The best thing we can do for our children is to give them the time, space and arena to discuss their feelings and questions. Just being there can be a comfort when tragedies like the Paris Attacks, the Boston bombing, Sandy Hook occur. And of course, as always, hug them tight and tell them that they are loved. Feeling safe and secure can go a long, long way.

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Dr. Robyn on GMA: Are Participation Trophies a Celebration of Mediocrity?

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Good Morning America came to my house last night to ask me about a hot button topic discussed this morning on the show.

http://abcnews.go.com/beta/Lifestyle/pittsburgh-steelers-james-harrison-back-sons-participation-trophies/story?id=33130650

James Harrison, football star on the Pittsburgh Steelers, is one tough linebacker.GMA_participationtrophies  He also has drawn a hard line when it comes to parenting.  On Instagram this past weekend, he reported that his 2 sons received “participation trophies” and that he was returning them.

“While I am very proud of my boys for everything they do and will encourage them till the day I die, these trophies will be given back until they EARN a real trophy” (photo). “I’m not about to raise two boys to be men by making them believe that they are entitled to something just because they tried their best. Cause sometimes your best is not enough, and that should drive you to want to do better…not cry and whine until somebody gives you something to shut u up and keep you happy.”

Harrison used the hashtag #harrisonfamilyvalues to punctuate his point.

While many agreed with Harrison’s views, some also disagreed. Here’s what I think:

For some children who may have participation challenges due to social skills or shyness issues, a participation trophy can be a tangible way to encourage those children to participate more and celebrate their participation. For most other children, they don’t need participation trophies and can, in fact, learn important social skills and sportsmanship from winning and losing.

As parents and teachers, here are some important tips:

(1) Disconnect the term lose from loser: As parents, we need to help children learn how to be a gracious winner and, just as important, that even when you lose, it doesn’t make you a loser. When a Read more

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Can TopShop Ultra Thin Mannequins Affect Body Image of Girls & Women? Dr. Robyn Silverman on Good Morning America

I was interviewed for Good Morning America on Topshop’s decision to discontinue ordering ultra thin mannequins for their stores.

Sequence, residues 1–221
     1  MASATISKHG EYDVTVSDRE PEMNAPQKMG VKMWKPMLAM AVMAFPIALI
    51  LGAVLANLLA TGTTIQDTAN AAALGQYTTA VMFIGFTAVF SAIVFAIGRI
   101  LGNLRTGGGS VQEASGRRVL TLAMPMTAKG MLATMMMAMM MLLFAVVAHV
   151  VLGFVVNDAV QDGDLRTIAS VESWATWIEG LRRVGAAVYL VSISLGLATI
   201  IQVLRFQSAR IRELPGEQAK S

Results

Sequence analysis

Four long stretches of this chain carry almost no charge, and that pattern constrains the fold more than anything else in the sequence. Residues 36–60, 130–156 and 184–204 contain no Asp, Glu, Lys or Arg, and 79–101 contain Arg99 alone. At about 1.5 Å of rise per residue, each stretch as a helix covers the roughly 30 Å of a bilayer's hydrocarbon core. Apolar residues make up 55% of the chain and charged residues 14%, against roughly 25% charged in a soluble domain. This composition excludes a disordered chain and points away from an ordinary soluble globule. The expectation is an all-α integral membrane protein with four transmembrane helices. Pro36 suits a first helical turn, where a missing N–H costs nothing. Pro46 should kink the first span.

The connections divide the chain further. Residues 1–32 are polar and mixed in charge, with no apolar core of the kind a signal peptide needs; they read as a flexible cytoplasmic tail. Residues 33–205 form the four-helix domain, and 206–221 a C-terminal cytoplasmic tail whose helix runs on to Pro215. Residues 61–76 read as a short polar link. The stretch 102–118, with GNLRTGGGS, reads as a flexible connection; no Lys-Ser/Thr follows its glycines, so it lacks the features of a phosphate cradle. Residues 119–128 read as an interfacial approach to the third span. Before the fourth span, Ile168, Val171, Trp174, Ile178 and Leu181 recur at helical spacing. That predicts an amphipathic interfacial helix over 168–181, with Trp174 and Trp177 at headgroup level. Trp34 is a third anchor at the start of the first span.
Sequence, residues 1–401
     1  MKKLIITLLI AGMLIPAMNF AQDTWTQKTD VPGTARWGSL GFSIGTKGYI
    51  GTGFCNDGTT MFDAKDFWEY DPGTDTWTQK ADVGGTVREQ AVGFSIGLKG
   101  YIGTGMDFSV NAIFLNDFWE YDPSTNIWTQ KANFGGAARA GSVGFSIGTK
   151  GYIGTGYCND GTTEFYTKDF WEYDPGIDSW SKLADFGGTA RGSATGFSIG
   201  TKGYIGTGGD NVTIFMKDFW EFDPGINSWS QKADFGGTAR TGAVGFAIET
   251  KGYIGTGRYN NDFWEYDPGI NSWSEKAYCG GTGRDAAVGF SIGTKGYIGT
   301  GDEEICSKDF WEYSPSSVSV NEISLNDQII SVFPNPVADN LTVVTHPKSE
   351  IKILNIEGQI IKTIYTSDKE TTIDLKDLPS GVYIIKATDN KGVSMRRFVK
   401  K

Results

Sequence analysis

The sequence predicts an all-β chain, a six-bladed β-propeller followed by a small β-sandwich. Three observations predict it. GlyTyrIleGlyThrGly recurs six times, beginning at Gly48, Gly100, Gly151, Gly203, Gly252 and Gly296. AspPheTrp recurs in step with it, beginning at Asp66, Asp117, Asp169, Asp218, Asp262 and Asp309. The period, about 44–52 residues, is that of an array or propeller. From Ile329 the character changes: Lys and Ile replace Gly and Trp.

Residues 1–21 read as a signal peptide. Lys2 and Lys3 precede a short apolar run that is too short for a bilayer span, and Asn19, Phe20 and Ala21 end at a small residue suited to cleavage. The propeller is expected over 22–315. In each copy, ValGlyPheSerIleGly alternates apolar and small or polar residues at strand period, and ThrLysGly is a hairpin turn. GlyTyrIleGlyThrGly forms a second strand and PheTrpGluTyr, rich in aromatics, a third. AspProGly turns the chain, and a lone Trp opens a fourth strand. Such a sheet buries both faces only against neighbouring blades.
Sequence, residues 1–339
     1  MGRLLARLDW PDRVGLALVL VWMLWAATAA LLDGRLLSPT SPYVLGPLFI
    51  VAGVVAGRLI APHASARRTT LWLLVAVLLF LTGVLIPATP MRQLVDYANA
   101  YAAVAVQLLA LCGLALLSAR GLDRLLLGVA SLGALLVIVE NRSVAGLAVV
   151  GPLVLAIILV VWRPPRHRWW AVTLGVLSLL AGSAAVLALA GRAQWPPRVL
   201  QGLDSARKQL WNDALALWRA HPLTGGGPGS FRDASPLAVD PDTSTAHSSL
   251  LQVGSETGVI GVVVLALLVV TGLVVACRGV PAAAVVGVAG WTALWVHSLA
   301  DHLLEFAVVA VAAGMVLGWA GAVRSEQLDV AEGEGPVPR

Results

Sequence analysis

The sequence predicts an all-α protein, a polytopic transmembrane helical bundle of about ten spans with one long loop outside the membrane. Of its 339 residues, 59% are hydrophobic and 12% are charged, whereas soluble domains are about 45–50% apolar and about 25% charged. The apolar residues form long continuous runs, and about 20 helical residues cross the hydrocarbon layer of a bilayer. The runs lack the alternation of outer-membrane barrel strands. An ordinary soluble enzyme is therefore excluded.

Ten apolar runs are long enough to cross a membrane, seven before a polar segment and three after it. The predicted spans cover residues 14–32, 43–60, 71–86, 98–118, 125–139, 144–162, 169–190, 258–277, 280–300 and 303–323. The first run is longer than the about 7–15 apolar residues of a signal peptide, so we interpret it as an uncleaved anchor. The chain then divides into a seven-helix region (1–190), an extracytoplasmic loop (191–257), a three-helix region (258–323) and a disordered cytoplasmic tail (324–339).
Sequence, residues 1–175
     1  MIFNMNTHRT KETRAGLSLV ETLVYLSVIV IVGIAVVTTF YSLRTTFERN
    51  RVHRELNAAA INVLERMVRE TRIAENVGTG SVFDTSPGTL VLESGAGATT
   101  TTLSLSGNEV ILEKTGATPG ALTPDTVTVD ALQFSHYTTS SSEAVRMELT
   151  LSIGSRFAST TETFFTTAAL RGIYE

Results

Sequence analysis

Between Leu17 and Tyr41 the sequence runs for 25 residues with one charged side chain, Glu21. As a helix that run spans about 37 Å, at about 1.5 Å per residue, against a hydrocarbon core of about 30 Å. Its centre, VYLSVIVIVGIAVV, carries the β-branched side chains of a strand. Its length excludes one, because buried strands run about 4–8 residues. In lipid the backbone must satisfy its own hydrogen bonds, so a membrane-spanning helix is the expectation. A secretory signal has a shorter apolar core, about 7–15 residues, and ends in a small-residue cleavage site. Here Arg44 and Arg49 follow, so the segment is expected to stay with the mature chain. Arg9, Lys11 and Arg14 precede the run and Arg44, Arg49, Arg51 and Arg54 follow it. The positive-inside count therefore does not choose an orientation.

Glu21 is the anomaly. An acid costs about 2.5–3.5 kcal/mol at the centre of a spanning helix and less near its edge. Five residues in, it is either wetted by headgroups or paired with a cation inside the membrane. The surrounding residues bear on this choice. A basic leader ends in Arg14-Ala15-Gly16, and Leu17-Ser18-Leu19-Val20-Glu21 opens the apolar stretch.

Note: I love doing these segments. However, due to the short length of the segment, my quotes were GMA_Berry_mannequins_size_800_400spliced for time-sake and the initial sentence didn’t exactly reflect how I feel about the possible effects of mannequin size on body image. Whoops! So let me clarify! I do not feel that exposure to thin mannequins leads to poor body image. I do feel that repeated exposure to very thin models, very thin mannequins and messaging about the merits of dieting and thinness can have effects on the body image of many girls and women (my original quote). You’ll see more on my view below!


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Can mannequin size have an effect on body image?

For some people, yes. Of course we all know that mannequins are not real. However, studies tell us that when girls and women are repeatedly exposed to very thin body standards in the media, on models or on mannequins, it can affect their body image, self esteem and eating practices—and interestingly, even their pension to buy.

The reality is that mannequins don’t just sell clothes. They inform beauty ideals, weight standards and fashion trends that tell people what they should aspire to in order to be considered beautiful and Read more

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The Upside to Lying: Dr. Robyn Silverman Discusses on Good Morning America


ABC US News | World News

How about THIS for a new spin on lying? A new study suggests that kids with a good memory also happen to be good liars!

We all know that lying is pervasive in childhood. So perhaps it’s good for parents to know a marker for good liars is having good working memories—in particular, good verbal memories, which makes sense because they need to remember what they said and who they said it to so they can keep all their lies straight.

The new study in the Journal of Experimental Child Psychology shows that when the researchers from the University of Sheffield gathered more than 100 children, ages six and seven, and told them not to peek at the answers on the back of a card detailing a fictitious cartoon character, the best liars were revealed. Then researchers questioned the children, spotted the liars, and evaluated their ability to lie in the face of two questions that would catch them red-handed. The “best” liars told a whammy each time, while poor liars did it only once or not at all.

It takes mental effort to keep all the stories straight—so the researchers conclude that the liars may have better working memories and may even be “smarter.”

We explored a few key questions this morning on Good Morning America.GMA_childrenlying_800_400

So many parents would say they didn’t teach their children to lie, but rather that it seems like an innate behavior. So, where are they learning it and why do they do it?

Research has told us that 1 in 5 interactions are lies! Adults and children do it. Some people lie because it gets them out of trouble while others lie Read more